Objectives Medical image analysis practices face challenges that can potentially be addressed with algorithm-based segmentation tools. In this study, we map the field of automatic MR brain lesion segmentation to understand the clinical applicability of prevalent methods and study designs, as well as challenges and limitations in the field.
Design Scoping review.
Setting Three databases (PubMed, IEEE Xplore and Scopus) were searched with tailored queries. Studies were included based on predefined criteria. Emerging themes during consecutive title, abstract, methods and whole-text screening were identified. The full-text analysis focused on materials, preprocessing, performance evaluation and comparison.
Results Out of 2990 unique articles identified through the search, 441 articles met the eligibility criteria, with an estimated growth rate of 10% per year. We present a general overview and trends in the field with regard to publication sources, segmentation principles used and types of lesions. Algorithms are predominantly evaluated by measuring the agreement of segmentation results with a trusted reference. Few articles describe measures of clinical validity.
Conclusions The observed reporting practices leave room for improvement with a view to studying replication, method comparison and clinical applicability. To promote this improvement, we propose a list of recommendations for future studies in the field.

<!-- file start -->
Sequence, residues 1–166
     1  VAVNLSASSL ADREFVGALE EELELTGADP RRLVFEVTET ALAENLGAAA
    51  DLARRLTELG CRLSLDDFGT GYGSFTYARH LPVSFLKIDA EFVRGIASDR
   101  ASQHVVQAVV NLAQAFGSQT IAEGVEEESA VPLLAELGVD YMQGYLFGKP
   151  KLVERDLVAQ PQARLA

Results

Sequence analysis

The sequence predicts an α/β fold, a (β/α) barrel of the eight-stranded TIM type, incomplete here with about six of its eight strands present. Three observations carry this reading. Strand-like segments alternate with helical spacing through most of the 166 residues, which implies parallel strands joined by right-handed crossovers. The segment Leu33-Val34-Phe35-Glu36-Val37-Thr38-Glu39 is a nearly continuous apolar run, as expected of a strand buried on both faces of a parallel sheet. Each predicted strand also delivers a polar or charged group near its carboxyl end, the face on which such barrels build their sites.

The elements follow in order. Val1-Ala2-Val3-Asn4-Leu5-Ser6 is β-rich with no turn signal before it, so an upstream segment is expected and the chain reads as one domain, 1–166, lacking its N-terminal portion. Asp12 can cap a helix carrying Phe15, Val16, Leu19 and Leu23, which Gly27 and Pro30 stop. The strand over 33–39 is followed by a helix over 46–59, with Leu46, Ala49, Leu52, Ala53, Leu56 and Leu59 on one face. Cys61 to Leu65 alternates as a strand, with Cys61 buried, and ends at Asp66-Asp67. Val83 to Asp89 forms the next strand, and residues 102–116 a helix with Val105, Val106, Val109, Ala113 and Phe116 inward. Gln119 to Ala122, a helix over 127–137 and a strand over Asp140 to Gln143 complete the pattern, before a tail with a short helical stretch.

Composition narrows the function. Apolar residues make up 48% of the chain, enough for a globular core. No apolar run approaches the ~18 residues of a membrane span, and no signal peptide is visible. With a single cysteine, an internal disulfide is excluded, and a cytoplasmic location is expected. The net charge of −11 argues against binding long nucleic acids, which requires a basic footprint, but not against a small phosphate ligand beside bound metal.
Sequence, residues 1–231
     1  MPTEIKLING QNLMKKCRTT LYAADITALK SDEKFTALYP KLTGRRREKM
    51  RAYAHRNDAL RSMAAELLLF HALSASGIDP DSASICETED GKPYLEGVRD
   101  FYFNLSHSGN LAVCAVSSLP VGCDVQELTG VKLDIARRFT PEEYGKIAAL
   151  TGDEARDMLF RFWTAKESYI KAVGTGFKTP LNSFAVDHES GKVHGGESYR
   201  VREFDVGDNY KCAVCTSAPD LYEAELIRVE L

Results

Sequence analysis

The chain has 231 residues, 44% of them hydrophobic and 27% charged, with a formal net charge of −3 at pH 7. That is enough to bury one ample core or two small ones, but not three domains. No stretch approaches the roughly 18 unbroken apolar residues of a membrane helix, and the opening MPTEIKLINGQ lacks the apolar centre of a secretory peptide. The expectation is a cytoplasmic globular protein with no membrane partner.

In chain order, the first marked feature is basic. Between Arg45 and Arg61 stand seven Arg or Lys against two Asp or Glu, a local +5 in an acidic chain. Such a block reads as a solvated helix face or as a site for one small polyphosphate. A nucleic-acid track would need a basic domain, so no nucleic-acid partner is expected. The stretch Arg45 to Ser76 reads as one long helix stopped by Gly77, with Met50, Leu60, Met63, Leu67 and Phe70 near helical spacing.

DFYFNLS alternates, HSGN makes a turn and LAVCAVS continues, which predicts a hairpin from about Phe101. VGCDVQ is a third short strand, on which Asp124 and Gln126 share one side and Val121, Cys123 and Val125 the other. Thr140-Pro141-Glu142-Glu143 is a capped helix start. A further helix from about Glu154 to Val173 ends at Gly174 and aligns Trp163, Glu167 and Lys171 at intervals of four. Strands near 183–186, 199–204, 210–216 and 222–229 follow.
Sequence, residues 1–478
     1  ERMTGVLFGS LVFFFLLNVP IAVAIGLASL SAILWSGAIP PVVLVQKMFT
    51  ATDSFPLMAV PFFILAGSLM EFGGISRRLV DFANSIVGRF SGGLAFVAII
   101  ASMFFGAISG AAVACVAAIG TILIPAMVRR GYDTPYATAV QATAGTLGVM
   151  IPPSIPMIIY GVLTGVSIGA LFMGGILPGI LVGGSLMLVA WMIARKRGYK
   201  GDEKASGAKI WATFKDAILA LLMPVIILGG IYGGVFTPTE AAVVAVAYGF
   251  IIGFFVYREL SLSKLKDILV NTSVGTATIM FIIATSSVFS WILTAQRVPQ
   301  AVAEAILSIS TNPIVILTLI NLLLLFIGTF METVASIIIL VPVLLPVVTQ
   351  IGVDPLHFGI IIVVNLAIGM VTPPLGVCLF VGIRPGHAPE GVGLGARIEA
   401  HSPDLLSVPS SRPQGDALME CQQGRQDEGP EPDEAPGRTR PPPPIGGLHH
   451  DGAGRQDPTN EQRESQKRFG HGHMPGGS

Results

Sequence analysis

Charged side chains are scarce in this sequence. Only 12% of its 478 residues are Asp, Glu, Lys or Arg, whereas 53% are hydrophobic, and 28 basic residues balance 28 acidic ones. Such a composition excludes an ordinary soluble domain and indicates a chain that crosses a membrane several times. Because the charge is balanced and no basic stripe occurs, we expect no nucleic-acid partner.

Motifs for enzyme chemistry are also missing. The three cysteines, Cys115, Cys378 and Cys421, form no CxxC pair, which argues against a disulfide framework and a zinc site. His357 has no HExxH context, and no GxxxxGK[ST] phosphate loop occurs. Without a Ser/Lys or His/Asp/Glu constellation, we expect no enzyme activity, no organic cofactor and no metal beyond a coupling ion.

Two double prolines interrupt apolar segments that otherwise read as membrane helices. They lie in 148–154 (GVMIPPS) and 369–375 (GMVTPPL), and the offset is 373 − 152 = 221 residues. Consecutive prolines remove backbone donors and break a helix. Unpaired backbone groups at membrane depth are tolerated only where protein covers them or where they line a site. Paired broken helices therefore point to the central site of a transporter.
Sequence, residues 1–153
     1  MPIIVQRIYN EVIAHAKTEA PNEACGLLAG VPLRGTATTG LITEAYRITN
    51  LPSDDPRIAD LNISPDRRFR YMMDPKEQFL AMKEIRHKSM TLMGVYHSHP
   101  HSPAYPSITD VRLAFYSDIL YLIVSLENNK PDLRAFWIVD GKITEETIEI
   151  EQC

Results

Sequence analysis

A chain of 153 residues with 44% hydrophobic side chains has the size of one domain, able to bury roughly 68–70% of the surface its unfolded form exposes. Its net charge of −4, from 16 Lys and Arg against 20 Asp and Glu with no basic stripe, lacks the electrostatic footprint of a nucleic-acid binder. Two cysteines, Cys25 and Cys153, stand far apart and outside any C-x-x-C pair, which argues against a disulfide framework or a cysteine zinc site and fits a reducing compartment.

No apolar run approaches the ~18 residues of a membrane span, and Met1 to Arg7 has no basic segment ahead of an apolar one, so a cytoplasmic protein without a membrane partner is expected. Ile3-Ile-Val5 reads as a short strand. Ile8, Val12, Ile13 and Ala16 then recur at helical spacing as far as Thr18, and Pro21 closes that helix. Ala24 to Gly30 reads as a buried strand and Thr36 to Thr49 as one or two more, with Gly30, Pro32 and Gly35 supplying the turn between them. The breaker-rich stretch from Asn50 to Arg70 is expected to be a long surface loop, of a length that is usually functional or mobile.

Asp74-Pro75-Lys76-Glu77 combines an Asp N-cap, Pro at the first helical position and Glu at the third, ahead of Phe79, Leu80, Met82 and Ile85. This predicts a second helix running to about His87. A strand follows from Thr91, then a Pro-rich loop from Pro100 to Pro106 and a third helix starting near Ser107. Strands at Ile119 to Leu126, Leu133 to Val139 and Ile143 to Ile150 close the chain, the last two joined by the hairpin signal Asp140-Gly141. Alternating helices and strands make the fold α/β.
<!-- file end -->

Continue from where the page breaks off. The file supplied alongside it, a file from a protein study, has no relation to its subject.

- radiology & imaging
- magnetic resonance imaging
- diagnostic radiology
Data availability statement
Data are available in a public, open access repository. DOI: 10.6084/m9.figshare.13651235
This is an open access article distributed in accordance with the Creative Commons Attribution 4.0 Unported (CC BY 4.0) license, which permits others to copy, redistribute, remix, transform and build upon this work for any purpose, provided the original work is properly cited, a link to the licence is given, and indication of whether changes were made. See: https://creativecommons.org/licenses/by/4.0/.
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Contributors EG conducted the study and led the writing of the article. RAH was the main supervisor and consultant of the study progress and design choices. JS provided input on the study plan and methodology at all stages. IB-B provided guidance on the interpretation of the findings from a clinical perspective. All coauthors collaborated on manuscript composition and editing.
Funding JFS is supported by the Swedish Childhood Cancer Foundation (MT2018-0020) and the ATTRACT project funded by the EC under Grant agreement 777222.
Competing interests None declared.
Provenance and peer review Not commissioned; externally peer reviewed.
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